However, it should be recognized that although Rand claimed to have “discovered” the principle that the violation of rights consists of the initiation of force, that principle was not in fact original with her. The 19th Century individualists were already aware of it. For example, in 1897, Auburon Herbert wrote:

"[S]o long as [the individual] lives within the sphere of his own RIGHTS, so long as he respects these RIGHTS in others, NOT AGGRESSING BY FORCE OR FRAUD upon the person or property of his neighbors, he cannot be made subject, apart from his own consent, to the control and direction of others, and he cannot be rightfully compelled under any public pretext, by the force of others, to perform any services, to pay any contributions, or to act in any manner contrary to his own desires or to his own sense of right....[My emphasis]

"The moral RIGHTS of a delegated body, such as a government, can never be greater than the moral RIGHTS of the individuals who delegated to it its power. FORCE can only be used (whether by an individual or by a government makes no difference) for DEFENSIVE purposes -- never for AGGRESSIVE purposes...." [My emphasis]

In a footnote, Herbert added: "The ordinary coarse forms of fraud are the moral equivalents of force...."

He continued: "...Against whom, then, you will ask, may force be used? Simply against users of force (and fraud) as the murderer, the thief, the common swindler, and the aggressive foreign enemy."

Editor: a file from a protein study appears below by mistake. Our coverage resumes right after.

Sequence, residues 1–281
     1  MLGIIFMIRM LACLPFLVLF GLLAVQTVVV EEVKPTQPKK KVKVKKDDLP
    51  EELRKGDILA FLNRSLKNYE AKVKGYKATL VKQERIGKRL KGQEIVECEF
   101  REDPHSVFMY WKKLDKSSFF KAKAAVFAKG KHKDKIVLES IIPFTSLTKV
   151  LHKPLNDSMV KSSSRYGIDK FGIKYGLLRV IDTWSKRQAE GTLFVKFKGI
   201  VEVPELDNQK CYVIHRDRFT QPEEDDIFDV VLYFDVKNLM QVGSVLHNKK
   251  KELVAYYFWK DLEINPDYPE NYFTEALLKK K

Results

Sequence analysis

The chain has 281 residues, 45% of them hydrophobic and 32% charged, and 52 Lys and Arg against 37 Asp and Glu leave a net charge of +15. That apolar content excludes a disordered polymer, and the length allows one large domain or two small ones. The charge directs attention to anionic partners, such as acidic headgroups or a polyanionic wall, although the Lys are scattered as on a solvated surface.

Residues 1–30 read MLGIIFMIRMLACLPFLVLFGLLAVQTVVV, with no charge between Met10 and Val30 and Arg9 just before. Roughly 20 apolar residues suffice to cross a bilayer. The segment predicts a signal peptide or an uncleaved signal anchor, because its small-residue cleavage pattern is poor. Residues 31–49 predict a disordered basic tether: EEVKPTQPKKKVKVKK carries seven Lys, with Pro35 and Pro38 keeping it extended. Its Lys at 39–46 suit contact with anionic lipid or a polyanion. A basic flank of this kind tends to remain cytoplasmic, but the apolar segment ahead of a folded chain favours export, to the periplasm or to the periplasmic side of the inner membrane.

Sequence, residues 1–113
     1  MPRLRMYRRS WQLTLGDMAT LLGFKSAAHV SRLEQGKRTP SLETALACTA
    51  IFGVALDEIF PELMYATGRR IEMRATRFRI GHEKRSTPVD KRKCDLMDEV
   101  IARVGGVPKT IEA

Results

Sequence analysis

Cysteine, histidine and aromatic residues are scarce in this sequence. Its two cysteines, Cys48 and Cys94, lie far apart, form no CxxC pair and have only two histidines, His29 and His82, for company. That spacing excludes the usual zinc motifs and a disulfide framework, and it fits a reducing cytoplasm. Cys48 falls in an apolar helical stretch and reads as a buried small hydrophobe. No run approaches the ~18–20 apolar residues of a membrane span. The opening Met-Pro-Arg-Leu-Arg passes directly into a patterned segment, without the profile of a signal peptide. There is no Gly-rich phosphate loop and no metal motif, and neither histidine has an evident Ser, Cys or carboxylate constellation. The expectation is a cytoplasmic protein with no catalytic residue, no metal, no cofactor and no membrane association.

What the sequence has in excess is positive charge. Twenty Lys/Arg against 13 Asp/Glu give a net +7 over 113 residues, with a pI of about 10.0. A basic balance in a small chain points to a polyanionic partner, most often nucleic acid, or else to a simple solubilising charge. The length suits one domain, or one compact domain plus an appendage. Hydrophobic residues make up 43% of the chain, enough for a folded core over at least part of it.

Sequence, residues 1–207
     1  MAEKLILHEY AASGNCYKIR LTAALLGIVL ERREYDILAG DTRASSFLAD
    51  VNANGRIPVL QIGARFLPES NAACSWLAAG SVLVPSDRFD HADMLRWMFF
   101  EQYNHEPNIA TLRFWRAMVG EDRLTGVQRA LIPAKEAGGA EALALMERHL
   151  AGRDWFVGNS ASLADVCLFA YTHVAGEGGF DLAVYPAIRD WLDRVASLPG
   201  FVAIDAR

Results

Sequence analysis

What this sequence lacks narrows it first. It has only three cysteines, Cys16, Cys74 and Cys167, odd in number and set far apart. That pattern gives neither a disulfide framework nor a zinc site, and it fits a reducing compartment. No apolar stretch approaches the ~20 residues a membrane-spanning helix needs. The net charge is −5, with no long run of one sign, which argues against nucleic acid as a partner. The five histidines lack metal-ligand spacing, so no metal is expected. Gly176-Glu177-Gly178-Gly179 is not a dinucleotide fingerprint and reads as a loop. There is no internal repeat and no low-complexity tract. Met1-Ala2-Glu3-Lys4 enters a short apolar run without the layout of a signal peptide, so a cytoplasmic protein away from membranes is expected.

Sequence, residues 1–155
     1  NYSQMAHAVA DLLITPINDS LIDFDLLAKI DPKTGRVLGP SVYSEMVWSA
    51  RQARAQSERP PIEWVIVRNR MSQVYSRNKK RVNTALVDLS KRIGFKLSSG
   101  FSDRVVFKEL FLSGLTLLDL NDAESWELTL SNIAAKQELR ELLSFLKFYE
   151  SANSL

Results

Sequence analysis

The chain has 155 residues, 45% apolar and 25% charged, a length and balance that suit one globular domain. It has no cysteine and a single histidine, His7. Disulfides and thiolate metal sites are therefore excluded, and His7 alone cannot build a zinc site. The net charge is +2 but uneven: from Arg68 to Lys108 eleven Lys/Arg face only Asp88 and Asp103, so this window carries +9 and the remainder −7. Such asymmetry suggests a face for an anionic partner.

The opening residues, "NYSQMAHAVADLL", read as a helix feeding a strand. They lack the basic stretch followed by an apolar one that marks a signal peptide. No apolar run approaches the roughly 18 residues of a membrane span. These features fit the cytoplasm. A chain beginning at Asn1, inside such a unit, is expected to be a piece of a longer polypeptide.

[From The Right and Wrong of Compulsion by the State and Other Essays by Auberon Herbert (Liberty Classics, Indianapolis, 1978), pp. 370-373.]

It is clear from these passages that the non-aggression principle is not one that Rand originated. Indeed, her formulation of it so closely matches Herbert's even down to his explicit identification of fraud as a form of force that it is difficult to believe she didn't read him or someone very close to his views.

Accepting Rand's word on the subject, Objectivists (at ARI) claim that the non-aggression principle was discovered by her, and even go so far as to accuse the libertarians of "plagiarizing" it. In fact, it appears that Rand herself plagiarized it -- if not from Herbert then from some other 19th Century individualist or libertarian. Since Rand made such a point of condemning second-handers, it is ironic to see her claiming "discovery" of a principle that she had evidently learned from her predecessors.

- Bill




Post 16

Monday, August 6, 2007 - 5:57pmSanction this postReply
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Bill: